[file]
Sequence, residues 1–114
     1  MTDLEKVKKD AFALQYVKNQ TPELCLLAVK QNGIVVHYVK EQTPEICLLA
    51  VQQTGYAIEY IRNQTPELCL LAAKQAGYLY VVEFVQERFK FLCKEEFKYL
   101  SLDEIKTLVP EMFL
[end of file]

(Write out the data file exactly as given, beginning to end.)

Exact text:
Sequence, residues 1–114
     1  MTDLEKVKKD AFALQYVKNQ TPELCLLAVK QNGIVVHYVK EQTPEICLLA
    51  VQQTGYAIEY IRNQTPELCL LAAKQAGYLY VVEFVQERFK FLCKEEFKYL
   101  SLDEIKTLVP EMFL